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Darwin’s Game

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Financial advisors aren’t above playing hardball to discredit the competition and win clients. Here’s how we do it.

 

 

By Hobbes Fury

 


During the cold-calling days of the past, we used to have a great line for the sucker on the other end of the phone: “Hey, Wall Street has better ideas than Main Street.” Meaning, your local schmuck broker had yesterday’s trade. It was a fair assertion, too. At my wire house firm, we had all the pitches for whatever story was selling weeks before some local yokel got it from his manager in Ohio.



Today, stockbrokers have been transformed into financial advisors and Wall Street is no longer a place you want to talk up. So how do modern financial advisors discredit the competition?



We get personal. Most investors can’t read a U4 or even know what that is, so doing a basic broker check at FINRA will sometimes yield pay dirt. Since the states are more screwed up than Wall Street, guys who sell insurance long enough will invariably have some minor infraction on state licensing. Also, many independent investment advisors will have a nick on their record when they quit a wirehouse to go out on their own. FINRA’s citation may say the person violated internal policy, which is another way of saying he plotted to go independent without alerting his manager.



If the U4 comes out clean, attack your competitor’s philosophy. For example, you might mention that your rival is a “DFA shop.” That’s Dimensional Fund Advisors, a cocky index fund distributor that preaches passive investing. DFA lists Robert C. Merton, Nobel laureate, on its home page as a “resident scientist.” You know—Robert “Long-Term Capital Market” Merton. Is that a cheap shot? I don’t think so.



Then again, maybe you’re the DFA shop. Not to worry: You’re far from defenseless. Mention that the other guy is an “active manager” or a “stock picker.” Doesn’t everyone know that most funds can’t beat their benchmark?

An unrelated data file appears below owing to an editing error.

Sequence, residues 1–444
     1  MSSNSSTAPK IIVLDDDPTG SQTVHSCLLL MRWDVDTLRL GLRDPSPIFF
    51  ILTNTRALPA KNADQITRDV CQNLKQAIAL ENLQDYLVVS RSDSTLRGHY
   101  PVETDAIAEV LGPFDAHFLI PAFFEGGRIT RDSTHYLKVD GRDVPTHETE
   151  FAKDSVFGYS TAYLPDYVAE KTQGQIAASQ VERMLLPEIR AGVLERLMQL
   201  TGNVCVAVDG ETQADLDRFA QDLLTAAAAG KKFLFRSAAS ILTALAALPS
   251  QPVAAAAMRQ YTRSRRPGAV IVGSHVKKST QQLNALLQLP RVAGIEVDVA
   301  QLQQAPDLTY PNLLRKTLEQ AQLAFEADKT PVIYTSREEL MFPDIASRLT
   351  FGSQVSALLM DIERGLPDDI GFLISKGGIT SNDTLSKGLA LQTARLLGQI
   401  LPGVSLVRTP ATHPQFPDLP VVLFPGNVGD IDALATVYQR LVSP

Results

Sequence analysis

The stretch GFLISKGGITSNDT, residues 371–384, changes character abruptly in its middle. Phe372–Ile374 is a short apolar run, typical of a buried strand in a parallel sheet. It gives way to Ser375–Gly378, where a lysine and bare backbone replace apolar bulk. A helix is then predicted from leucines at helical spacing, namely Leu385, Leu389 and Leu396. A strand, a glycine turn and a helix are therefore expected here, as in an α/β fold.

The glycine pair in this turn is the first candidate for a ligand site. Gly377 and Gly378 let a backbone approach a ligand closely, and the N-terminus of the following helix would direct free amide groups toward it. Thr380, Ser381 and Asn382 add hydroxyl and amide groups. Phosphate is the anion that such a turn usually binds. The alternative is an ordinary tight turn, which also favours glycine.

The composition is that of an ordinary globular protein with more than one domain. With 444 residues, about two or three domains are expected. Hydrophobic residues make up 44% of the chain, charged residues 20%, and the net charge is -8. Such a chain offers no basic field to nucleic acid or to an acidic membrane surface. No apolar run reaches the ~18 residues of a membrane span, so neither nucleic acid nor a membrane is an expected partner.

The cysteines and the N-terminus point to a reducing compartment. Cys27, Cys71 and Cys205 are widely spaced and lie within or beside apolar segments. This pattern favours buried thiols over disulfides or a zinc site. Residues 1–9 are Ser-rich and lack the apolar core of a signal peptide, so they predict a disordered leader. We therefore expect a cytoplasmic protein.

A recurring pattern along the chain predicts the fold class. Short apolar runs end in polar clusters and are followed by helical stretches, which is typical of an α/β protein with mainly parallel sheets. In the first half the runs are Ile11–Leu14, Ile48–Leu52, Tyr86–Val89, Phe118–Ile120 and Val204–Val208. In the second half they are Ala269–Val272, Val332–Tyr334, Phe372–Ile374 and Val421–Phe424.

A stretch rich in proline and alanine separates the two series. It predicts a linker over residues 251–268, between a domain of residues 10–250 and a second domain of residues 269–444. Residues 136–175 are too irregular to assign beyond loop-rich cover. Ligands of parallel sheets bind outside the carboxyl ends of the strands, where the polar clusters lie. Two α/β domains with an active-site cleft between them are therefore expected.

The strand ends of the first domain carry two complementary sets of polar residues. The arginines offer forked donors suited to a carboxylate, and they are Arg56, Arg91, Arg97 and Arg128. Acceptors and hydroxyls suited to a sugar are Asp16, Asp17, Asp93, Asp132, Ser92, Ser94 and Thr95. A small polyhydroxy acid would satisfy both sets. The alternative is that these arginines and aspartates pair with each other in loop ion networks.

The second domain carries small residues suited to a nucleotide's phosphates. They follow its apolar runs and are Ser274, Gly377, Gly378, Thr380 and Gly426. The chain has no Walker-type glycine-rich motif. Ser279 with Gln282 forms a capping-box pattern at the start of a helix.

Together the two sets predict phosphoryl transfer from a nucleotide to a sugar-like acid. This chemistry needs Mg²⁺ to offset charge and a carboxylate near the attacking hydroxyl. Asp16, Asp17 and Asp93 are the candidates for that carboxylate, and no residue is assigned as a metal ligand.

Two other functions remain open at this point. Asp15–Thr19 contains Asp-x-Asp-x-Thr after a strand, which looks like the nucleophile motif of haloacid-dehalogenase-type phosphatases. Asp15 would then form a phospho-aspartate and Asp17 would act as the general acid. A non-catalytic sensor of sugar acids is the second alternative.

In both cases, make sure that, regardless of your position, you have tons of academic research to show people. Don’t worry—they’ll never read it.



Here’s another strategy: Attack their firm. Every relevant study I read says that investors want an advisor who is wise, but not too old. They want a firm that is big enough, but not too big. They want social proof, but are reluctant to refer their peers.



If you can’t blow someone out of the water for being too old or too young, too small or too big, with clients whom you just can’t respect, go find something they said 20 years ago and suggest that it’s current manifesto. Exploit their old ideas as proof they had it wrong in the past. Harry Markowitz created a computerized arbitrage hedge fund. Warren Buffett said people should invest in index funds. Get in the ring.



Here’s a real example of how we eat our heroes. Jack Bogle is one of the most important figures in finance. Don’t even try to deny it. Yet we don’t want to give him credit for anything. OK, the DFA-ers give him props for founding Vanguard, but are quick to say that their index funds are far superior (that’s why they’re more expensive). DFA has made billions in profit over the years and founder David Booth donated $300 million to the University of Chicago. Jack isn’t even worth $50 million! Who would you trust to make you money, the rich guy or a man working to help the masses?



In the end, financial advice is a business, and Jack committed the cardinal sin: He created a firm that pays its profits back to the shareholders. So we secretly put our children’s custodial accounts in Vanguard index funds while spinning a tale, active or passive, that justifies our existence. We sit in silence as the world pays back a legend with faint praise. And you ask why so many in our industry act badly? Because it pays.

 

This article originally appeared in the December/January 2013 issue of Worth.